Post Transplant Complications

Intestinal transplantation is a complex procedure that can lead to several technical and non-technical complications. Technical complications include anastomotic leaks and vascular thrombosis,  Postoperative sepsis can be avoided by appropriate antibiotic prophylaxis. Because of the high doses of immunosuppressive medications, intestinal transplant recipients are at higher risk of infection compared to other transplant recipients.

Intestinal rejection can be acute cellular, occurring within 90 days following transplantation or acute humoral or antibody mediated rejection. These are treated with steroids, tacrolimus or antilymphocyte antibody induction.

Chronic rejection occurs over a period of time and is diagnosed when there is chronic intestinal failure and biopsy confirms loss of villia and onset of fibrosis and vasculopathy. Some of these patients may require allograft enterectomy and retransplantation.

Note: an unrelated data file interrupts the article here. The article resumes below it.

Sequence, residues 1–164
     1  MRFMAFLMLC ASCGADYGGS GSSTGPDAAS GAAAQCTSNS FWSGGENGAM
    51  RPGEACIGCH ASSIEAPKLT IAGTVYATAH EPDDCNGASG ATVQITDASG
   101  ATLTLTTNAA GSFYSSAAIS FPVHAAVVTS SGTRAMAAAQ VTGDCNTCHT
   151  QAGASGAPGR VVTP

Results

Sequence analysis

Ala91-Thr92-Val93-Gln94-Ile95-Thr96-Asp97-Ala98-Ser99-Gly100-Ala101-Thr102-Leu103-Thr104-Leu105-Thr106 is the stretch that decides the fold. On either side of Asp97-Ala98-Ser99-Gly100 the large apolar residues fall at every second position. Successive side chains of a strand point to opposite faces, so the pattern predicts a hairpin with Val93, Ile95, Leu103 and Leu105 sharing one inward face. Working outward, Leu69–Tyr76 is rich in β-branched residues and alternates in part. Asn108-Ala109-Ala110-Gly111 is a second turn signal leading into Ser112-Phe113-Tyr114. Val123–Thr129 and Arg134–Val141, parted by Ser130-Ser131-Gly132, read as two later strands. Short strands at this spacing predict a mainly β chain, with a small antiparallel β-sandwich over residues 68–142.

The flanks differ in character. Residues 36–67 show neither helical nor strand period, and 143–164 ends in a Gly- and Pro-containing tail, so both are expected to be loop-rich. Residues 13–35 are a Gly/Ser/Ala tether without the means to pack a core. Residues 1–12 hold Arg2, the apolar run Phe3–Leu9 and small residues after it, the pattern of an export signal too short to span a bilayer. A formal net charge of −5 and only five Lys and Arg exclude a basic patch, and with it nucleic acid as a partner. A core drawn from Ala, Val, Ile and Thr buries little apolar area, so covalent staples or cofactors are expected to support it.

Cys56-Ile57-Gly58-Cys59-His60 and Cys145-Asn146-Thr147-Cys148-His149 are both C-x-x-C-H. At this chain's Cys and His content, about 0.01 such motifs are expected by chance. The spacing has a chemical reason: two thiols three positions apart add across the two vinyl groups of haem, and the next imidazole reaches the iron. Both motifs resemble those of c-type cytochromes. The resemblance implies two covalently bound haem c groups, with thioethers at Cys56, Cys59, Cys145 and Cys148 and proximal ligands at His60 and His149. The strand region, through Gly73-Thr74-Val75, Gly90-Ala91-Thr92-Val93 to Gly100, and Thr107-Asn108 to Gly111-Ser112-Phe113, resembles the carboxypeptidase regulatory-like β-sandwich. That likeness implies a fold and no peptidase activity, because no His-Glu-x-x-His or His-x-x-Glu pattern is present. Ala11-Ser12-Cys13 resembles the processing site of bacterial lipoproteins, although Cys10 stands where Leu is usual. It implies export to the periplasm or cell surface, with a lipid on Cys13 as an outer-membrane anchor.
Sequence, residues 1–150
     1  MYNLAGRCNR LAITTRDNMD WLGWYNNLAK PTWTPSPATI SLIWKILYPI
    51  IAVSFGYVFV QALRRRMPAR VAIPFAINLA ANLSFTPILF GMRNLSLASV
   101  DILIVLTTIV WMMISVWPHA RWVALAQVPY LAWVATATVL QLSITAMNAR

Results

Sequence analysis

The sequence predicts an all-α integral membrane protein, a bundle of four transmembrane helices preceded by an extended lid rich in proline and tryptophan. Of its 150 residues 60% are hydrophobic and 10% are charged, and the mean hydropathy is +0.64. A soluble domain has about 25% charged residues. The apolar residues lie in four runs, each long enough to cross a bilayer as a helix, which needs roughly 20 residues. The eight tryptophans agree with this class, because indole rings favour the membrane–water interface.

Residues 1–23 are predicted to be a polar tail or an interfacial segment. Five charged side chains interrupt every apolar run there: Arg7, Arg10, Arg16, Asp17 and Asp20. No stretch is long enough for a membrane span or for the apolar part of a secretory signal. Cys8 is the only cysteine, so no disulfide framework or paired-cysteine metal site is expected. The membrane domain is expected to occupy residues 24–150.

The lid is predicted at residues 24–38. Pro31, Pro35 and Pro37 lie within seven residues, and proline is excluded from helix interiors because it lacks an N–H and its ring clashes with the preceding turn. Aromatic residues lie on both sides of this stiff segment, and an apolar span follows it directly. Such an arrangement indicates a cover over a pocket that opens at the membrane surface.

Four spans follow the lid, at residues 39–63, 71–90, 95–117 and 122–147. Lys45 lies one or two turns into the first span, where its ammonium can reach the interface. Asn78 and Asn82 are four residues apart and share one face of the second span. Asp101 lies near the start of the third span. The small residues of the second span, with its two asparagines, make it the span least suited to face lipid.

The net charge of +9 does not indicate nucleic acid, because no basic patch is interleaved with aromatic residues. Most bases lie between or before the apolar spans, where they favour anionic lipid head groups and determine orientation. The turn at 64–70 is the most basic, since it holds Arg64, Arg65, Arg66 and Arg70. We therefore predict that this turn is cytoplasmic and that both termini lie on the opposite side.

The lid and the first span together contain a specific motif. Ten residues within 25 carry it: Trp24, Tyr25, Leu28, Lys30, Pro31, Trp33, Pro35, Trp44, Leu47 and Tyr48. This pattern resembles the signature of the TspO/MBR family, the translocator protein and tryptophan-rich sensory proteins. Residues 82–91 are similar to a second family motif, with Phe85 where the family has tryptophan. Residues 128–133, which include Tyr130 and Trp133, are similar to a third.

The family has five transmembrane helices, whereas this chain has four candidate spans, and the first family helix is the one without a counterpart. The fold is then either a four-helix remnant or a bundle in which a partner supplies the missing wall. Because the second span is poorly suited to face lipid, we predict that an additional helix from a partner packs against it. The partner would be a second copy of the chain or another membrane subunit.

Post transplant lymphoproliferative disorder is a consequence of immunosuppressive therapy. In general it is EBV related and can  be treated promptly if diagnosed early.

Graft Versus Host Disease is not uncommon in intestinal transplant patients since intestines carry a large lymphatic system overload. Appropriate management includes optimization of immunosuppressive therapy.

Some centers have following a stepwise immunosuppression weaning policy following intestinal transplantation. In Pittsburgh series, 50% of patients were weaned to single dose schedule of tacrolimus twice a week. Attempts are being made to institute protocolized, biopsy guided weaning in patients in some centres.